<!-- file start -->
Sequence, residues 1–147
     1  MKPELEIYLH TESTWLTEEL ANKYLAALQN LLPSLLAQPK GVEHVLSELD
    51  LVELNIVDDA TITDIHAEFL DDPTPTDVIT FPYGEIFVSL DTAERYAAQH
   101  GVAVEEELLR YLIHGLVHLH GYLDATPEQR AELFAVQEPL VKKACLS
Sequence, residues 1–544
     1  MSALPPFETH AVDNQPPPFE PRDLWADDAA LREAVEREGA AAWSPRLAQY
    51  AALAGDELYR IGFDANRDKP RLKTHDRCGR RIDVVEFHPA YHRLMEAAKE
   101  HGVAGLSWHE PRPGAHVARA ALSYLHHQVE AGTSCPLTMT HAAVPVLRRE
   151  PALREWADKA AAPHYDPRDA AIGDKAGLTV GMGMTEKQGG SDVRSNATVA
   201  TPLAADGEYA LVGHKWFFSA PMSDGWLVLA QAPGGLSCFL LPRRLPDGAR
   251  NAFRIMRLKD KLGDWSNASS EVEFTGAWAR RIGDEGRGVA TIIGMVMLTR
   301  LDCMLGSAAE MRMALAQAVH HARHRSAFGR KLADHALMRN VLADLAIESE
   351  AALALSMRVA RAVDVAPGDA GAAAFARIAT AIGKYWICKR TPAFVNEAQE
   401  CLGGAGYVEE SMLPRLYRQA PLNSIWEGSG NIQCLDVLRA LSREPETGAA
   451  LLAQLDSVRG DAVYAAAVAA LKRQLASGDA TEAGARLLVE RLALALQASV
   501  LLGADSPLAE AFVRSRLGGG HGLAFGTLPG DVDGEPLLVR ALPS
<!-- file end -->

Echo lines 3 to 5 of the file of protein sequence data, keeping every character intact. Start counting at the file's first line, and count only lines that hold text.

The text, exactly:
    51  LVELNIVDDA TITDIHAEFL DDPTPTDVIT FPYGEIFVSL DTAERYAAQH
   101  GVAVEEELLR YLIHGLVHLH GYLDATPEQR AELFAVQEPL VKKACLS
Sequence, residues 1–544